Dot #7: Financial Reporting - Part Two

Streamlining Financial Reporting

Written by Tiago Dias on December 16, 2022 (v1)


This note is part two of a series of three notes and it will cover mainly Financial Reporting.

... Figure 1: Series of three notes.

The Building Blocks

Everything starts with what is called the chart of accounts as per the figure below.

... Figure 2: High level chart of accounts.

The chart of accounts consists of several accounts relating to P&L (revenues or costs) and balance sheet (“BS”) items (assets, liabilities and equity). Each account has a unique code (e.g 200) and a name (e.g revenues).
Whenever there is a transaction, a bookkeeper will use a dual entry system whereby it will debit an account and credit another account. This means a positive number in one of the accounts, and a negative number on the other account, so that the sum of both entries is always zero.

Let's use an example for clarity. For a certain time period there are two transactions:

  • Transaction #1: £100 of revenue recognised which was not received yet. P&L Account 200 (revenue) is credited with £100 and BS account 601 (other assets) is debited with £100
  • Transaction #2: £20 of costs incurred but not paid yet. P&L Account 300 (cost) is debited with £20 and BS account 701 (Liabilities) is credited with £20

These two transactions would show up as below. Notice that each column always needs to add up zero. The total column is also known as “Trial Balance” or “TB”.

... Figure 3: Example for two transactions in time period 1.

Let's consider two more periods:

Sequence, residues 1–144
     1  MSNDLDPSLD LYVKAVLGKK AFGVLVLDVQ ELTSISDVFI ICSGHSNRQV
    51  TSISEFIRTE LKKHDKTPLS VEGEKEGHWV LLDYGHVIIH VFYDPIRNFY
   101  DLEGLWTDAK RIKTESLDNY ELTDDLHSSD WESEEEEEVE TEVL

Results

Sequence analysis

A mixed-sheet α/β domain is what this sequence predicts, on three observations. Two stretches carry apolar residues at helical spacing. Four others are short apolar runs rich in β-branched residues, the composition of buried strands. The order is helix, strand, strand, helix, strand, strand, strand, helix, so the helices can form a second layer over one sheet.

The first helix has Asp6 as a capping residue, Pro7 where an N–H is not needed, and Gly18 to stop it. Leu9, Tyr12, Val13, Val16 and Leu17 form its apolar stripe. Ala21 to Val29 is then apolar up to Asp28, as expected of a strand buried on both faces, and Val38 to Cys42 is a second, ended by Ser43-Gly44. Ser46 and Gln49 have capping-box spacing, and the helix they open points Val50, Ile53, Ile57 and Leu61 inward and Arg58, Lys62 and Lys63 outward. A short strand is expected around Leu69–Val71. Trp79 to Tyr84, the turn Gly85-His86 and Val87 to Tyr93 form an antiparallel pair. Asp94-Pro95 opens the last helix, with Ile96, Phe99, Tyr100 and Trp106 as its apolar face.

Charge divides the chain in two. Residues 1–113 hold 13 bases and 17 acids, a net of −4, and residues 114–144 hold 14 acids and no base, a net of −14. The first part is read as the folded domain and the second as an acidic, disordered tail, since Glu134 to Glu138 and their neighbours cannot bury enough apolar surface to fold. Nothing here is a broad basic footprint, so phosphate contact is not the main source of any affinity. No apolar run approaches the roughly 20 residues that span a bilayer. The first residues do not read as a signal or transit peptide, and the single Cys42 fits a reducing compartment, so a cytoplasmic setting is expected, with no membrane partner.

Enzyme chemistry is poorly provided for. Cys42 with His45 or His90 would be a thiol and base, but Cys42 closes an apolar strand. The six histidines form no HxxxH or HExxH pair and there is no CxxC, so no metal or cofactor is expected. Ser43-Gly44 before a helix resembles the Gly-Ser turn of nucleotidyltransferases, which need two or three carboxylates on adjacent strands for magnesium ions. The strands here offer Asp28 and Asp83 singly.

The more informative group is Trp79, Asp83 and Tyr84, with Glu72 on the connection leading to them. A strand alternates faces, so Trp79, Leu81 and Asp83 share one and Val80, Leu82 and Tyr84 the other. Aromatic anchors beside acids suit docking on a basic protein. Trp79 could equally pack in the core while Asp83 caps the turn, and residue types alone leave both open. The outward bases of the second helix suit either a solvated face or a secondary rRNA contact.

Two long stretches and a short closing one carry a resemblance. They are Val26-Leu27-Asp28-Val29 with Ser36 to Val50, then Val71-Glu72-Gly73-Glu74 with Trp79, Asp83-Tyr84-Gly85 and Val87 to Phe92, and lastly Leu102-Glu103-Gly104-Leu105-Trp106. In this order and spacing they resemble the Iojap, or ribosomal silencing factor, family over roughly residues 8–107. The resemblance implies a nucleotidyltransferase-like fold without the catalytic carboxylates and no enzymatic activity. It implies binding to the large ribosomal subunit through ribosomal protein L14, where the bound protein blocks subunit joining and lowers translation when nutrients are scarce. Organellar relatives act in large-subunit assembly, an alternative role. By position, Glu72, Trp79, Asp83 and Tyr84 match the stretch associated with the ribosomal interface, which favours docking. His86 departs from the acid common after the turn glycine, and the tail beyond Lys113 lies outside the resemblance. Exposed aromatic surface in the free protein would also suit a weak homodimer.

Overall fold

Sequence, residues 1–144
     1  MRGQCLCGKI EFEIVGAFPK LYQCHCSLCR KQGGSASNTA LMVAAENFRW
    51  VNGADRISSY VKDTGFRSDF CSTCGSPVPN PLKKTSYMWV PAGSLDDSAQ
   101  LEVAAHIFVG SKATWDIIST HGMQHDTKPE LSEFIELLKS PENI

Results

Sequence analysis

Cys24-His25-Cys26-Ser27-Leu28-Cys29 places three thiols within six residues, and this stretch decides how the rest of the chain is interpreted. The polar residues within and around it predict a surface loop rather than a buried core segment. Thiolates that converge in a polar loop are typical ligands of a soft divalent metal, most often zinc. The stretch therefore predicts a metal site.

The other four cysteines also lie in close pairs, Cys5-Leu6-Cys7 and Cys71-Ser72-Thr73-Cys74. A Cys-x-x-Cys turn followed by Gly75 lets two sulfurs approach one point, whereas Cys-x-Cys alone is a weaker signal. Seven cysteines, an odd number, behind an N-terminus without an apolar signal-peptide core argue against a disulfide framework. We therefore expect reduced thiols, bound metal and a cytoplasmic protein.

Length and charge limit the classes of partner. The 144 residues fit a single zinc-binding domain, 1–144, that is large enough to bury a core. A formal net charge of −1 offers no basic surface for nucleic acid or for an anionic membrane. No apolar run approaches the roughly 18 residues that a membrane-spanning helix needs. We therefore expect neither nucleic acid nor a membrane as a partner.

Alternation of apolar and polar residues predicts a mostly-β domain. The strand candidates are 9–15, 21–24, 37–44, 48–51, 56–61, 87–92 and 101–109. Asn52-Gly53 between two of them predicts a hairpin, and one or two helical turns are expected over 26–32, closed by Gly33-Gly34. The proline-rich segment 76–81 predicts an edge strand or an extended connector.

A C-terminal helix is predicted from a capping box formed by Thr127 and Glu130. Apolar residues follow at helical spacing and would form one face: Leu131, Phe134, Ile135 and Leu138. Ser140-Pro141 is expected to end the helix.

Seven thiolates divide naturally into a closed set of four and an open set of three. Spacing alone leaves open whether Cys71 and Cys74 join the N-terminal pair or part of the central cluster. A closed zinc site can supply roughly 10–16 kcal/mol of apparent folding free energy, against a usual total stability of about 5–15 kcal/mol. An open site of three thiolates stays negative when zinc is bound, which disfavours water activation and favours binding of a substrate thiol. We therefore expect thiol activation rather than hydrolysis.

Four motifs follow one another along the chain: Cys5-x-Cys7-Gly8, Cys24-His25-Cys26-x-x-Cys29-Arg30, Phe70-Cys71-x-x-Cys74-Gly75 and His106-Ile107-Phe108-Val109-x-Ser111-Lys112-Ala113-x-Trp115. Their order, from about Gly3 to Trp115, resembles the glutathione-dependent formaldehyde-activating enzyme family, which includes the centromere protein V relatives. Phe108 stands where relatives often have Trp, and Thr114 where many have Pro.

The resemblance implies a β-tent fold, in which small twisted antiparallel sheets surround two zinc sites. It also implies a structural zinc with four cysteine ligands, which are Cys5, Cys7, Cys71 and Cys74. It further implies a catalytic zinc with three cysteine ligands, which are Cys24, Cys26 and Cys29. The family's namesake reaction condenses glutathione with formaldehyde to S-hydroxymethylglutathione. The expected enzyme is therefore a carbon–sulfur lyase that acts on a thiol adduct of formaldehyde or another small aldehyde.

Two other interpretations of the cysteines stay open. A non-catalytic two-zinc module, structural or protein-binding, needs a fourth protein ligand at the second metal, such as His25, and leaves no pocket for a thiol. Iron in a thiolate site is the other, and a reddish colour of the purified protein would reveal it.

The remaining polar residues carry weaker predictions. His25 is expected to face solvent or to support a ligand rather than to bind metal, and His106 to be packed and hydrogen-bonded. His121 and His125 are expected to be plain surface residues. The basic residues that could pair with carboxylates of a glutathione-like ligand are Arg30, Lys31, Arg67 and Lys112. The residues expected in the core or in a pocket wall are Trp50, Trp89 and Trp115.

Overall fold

• Transaction #3: £50 of revenue recognised and received in period 2
  • Transaction #4: £10 of costs incurred and paid in period 2
  • Transaction #5: £75 debt incurred in period 3
  • Transaction #6: £25 equity raised in period 3

... Figure 4: Example with trial balances for three periods.

The TB forms the basis of financial reporting as it can be used to derive the P&L and BS (see below). Note that within a fiscal year the TB is cumulative - TB3 would be used to determine P&L between period 1 & 3 and the BS at the end of period 3 (see tab "1.CoA" in this file).

... Figure 5: Using the TB to calculate the P&L and Balance Sheet.

It is very important to bear in mind that one should also look at the cashflow statement to assess burn and not rely only on the P&L and Balance Sheet. This can be derived using the indirect method as explained in Dot #2: Cash Pays the Bills.

... ... Figure 6: Calculating cashflows using the indirect method.

Personally, I prefer to use the direct method and set up a cashburn report in the accounting system (e.g Xero) where I can get the cash revenues, cash costs and other cash items. I also have an independent cash tracker with all the inflows and outflows of each bank account and use it to cross check the cash position and cashburn.

The Matrix

A chart of accounts is not just 10 accounts as in the previous example. In practice, there will be several revenue streams, costs and balance sheet items, all of which will have a specific nature (and therefore account).
It should be as granular as necessary so that Financial Reporting can be used not only to think about the business on a high level basis but also to support the details required for Financial Planning. It is key that the financial reporting team (past) and FP&A teams (future) are closely aligned on this.
The chart of accounts can be used to produce different types of reports using a matrix: the vertical dimension being the accounts and the horizontal dimension being different report formats (see example below).

... Figure 7: Chart of accounts matrix.

In the above the “management” column would be used to produce a high level overview of the P&L, whilst the “UK GAAP” would be used to produce accounts according to UK GAAP (used for audited financial statements).

Putting everything together

The figure below provides an overview of the key steps relating to month end and financial reporting.

... Figure 8: Month end and financial reporting processes.